BHN 589: This variety remains our trials program favorite due to the combination of good yield, high packout, and good flavor. If you can only grow one variety of round red, this is the one. Of all of the slicer varieties in this years program, BHN 589 had the greatest percentage of #1’s and fewest culls.

BHN 189: Slightly more compact than BHN 589, but otherwise very similar in appearance, packout and flavor. Until the extreme heat of the last two seasons, this variety seemed to be slightly earlier than 589, but in both 2010 and 2011, it came in a few days later.

BHN 1021: Good yields and good packout along with excellent flavor and appearance characterize this tomato. 1021 responded well in the high heat of 2011. Worthy of consideration for high tunnel growers and will definitely be repeated for 2012.

Big Dena: This variety had the lowest yield of the trial and the packout was poor as well. Colleagues report that this variety was better last season.

Charger: The color was not great and the flavor did not impress our judges, but the yields are OK and size good.

Defiant: Very dark red, smallish fruit on plants that are supposed to be resistant to Late blight characterize this variety. The flavor was good and very tomatoey, but the fruit run on the small size. We did not have any Late blight in our trials this year to rate it’s resistance.

Finishline: Dark red fruit with a good flavor that pack well. We’ve had this variety in our program for a few years. While it doesn’t place at the top, it has never placed near the bottom either. It seems widely adapted, has good flavor and seems to be reliable under our changeable seasons.

Rocky Top: Last year, this variety handled the hot season better than most and produced a higher percentage of #1 fruit than most others in the trial. This year both the yield and packout were off. Good flavor for a firm tomato.

SX-605: This variety was provided by our friends at Seedway Seeds. It should have been labeled ‘AX 605’. It is a German tomato that is popular in protected culture in Europe. The flavor was good, but the fruit size a little small. Reports were that it responded better to the growing conditions of 2010.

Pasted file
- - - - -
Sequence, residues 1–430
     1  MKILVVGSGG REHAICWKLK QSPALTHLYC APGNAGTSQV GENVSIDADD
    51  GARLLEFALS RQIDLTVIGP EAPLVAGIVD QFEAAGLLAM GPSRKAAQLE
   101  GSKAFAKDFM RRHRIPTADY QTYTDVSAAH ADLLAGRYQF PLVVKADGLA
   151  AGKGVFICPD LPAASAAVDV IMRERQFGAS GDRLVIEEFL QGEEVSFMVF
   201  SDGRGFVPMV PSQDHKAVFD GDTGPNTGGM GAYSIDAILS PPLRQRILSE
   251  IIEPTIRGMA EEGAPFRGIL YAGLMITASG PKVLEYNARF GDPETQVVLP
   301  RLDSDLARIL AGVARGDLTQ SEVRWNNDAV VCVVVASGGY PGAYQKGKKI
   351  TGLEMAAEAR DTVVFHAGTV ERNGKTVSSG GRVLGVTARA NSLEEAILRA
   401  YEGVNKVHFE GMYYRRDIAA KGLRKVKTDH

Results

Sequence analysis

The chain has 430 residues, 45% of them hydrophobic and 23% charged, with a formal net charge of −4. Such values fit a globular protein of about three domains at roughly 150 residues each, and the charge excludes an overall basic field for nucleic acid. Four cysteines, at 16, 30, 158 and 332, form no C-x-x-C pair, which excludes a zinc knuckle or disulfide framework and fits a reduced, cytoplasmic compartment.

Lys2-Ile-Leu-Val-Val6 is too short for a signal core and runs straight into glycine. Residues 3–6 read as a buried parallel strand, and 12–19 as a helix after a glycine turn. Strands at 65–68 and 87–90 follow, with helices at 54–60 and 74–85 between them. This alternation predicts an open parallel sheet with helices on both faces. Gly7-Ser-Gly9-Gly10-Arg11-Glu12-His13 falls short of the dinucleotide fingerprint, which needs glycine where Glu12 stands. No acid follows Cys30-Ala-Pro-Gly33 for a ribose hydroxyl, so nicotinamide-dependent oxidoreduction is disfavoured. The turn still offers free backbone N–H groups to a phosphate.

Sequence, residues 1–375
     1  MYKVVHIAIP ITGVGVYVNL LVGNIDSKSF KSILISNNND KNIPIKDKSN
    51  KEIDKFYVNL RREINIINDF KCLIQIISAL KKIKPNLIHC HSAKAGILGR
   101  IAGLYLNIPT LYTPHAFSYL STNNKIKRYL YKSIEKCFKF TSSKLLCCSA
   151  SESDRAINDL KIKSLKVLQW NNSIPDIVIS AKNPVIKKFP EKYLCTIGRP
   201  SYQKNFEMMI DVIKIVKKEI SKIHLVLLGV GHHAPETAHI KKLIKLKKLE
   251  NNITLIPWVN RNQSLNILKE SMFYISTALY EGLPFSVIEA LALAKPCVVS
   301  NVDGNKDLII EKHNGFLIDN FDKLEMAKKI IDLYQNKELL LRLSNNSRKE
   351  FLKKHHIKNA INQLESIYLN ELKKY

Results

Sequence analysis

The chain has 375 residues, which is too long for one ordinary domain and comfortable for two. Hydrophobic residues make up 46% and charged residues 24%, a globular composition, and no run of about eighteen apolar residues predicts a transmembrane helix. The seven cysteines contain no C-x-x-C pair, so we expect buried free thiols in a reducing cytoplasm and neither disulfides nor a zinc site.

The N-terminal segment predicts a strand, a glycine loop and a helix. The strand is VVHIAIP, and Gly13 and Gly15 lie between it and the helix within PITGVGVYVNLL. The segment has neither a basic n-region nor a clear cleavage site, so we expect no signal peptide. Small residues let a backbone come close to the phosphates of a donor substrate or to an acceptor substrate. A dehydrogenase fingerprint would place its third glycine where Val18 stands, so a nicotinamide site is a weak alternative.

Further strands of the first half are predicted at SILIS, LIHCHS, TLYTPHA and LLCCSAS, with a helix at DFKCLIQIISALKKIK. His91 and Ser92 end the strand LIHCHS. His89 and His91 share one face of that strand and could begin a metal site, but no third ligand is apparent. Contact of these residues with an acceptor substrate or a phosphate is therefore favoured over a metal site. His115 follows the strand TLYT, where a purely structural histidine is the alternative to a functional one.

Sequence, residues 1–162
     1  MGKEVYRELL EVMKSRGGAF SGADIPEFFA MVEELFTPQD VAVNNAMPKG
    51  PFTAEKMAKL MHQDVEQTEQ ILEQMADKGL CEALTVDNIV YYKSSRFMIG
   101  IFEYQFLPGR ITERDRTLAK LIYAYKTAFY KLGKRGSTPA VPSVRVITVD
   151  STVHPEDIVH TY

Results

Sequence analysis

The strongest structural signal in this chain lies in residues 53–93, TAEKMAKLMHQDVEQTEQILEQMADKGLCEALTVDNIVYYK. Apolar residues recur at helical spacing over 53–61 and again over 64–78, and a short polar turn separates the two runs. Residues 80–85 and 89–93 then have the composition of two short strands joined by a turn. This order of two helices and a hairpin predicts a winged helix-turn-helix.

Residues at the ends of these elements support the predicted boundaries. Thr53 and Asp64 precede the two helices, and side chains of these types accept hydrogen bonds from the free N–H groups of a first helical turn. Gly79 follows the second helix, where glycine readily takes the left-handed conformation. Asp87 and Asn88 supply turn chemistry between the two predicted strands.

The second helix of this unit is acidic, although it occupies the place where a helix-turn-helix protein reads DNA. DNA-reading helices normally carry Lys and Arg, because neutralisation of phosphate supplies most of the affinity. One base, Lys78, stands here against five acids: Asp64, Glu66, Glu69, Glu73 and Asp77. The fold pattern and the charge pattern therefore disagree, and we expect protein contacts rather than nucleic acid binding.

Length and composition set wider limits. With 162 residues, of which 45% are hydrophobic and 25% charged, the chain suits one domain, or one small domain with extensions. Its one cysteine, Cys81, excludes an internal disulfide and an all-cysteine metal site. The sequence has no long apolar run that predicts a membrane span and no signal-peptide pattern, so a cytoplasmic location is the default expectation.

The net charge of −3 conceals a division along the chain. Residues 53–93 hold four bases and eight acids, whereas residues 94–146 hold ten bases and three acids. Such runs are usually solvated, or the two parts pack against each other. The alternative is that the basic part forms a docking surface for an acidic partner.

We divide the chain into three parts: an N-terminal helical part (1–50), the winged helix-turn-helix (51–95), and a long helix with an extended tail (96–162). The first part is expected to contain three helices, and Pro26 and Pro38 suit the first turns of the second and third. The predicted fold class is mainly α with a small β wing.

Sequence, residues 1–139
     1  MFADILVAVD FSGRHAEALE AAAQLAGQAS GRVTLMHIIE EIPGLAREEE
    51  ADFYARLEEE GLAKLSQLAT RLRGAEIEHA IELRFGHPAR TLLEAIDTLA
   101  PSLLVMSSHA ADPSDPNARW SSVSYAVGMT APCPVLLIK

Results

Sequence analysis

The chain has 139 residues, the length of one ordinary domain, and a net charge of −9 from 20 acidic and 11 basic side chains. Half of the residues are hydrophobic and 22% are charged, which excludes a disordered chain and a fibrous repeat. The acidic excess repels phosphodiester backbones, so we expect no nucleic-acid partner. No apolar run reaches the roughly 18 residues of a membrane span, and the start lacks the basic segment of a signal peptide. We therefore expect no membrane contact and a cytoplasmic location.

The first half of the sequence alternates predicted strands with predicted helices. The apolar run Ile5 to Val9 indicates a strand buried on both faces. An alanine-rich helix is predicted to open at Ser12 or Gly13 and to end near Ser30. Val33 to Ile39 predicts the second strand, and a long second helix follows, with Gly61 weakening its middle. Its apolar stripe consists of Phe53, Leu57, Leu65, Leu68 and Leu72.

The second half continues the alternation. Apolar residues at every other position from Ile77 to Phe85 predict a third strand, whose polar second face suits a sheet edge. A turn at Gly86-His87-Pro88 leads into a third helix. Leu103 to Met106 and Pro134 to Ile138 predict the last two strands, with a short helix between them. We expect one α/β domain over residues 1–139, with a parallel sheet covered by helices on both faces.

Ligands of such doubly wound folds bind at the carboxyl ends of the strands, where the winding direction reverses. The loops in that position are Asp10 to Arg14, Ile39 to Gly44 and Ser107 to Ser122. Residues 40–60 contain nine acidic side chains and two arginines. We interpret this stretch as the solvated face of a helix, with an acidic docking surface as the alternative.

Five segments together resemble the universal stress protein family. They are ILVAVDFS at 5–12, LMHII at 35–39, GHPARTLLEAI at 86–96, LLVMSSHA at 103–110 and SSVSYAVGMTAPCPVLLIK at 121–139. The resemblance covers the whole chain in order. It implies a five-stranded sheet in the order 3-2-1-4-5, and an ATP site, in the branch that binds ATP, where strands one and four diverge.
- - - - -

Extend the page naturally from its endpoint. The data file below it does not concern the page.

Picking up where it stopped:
Tribeca: This variety seemed well-adapted to tunnel production with moderate yields of firm fruit that packed out well. Very typical, good tomato flavor.

Tribute: While the yields weren’t bad, this variety did not pack well as it was more Yellow Should susceptible than most others in this years’ program. Also, the fruit were a little light in color when compared to others in the trial. It may be worth a second look, but it certainly did not enjoy this seasons growing conditions.

Heritage Slicers

BrandyBoy: Dark pink and very uniform with a meaty flesh. Sweet, rich and spicy with a great balance in the flavor. Easily the top tasting tomato now several years in a row. Reasonable yields even in the extreme heat of the high tunnel during the 2010 growing season. Many small commercial growers have made this one their heritage tomato of choice.

Delicious: High Brix levels and excellent yields make this variety one to consider if marketing ‘ugly’ fruit. As with most of the varieties in this class, Delicious is on the softer side, but the dark red color is very attractive.

Grandma’s Pick: Specific portions of the consumer market respond well to ‘lumpy’ tomatoes. Grandma’s Pick has a great appearance with good yields, but fares poorly against BrandyBoy in our tasting trials. Like BrandyBoy and Conestoga, it is very soft.

Variety Yield / 10 plants Yield / acre @5808 plants / acre Average fruit size Brix
BHN 1021 205.7 lb 104,660 lb 9 oz 5.1
Rocky Top 178.2 lb 90,668 lb 10 oz 5
BHN 876 173.4 lb 88,226 lb 7.5 oz 5.6
Big Dena 147 lb 85,400 lb 10.3 oz 5
BHN 189 183.26 lb 106,437 lb 9.6 oz 4.2
Arbason 260.1 lb 151,066 lb 6.6 oz 4.9
Grandma’s Pick 202.2 lb 117,438 lb 10.4 oz 5.6
Big Beef 217.6 lb 126,382 lb 9.5 oz 5.2
Finishline 161.7 lb 93,915 lb 10.7 oz 4.9
Tribeca 174.9 lb 101,559 lb 10.8 oz 4.6
BHN 589 188.8 lb 109,655 lb 10.1 oz 5
Charger 187 lb 108,610 lb 11.5 oz 5
BHN 826 171.3 lb 99,491 lb 8.8 oz 5.8
BHN 871 161 lb 93,509 lb 8.9 oz 5
BrandyBoy 221.3 lb 128,531 lb 15.6 oz 5.4
SX-605 174 lb 101,117 lb 7 oz 5
Tribute 170.3 lb 98,910 lb 8.8 oz 4.5
Delicious 202.9 lb 117,844 lb 9.4 oz 5.9
Defiant 191 lb 110.932 lb 4.8 oz 4.2
Fabulous 162.3 lb 94,235 lb 10.3 oz 4.8


Steve Bogash, Regional Horticulture Educator
181 Franklin Farm Lane, Chambersburg, PA 17202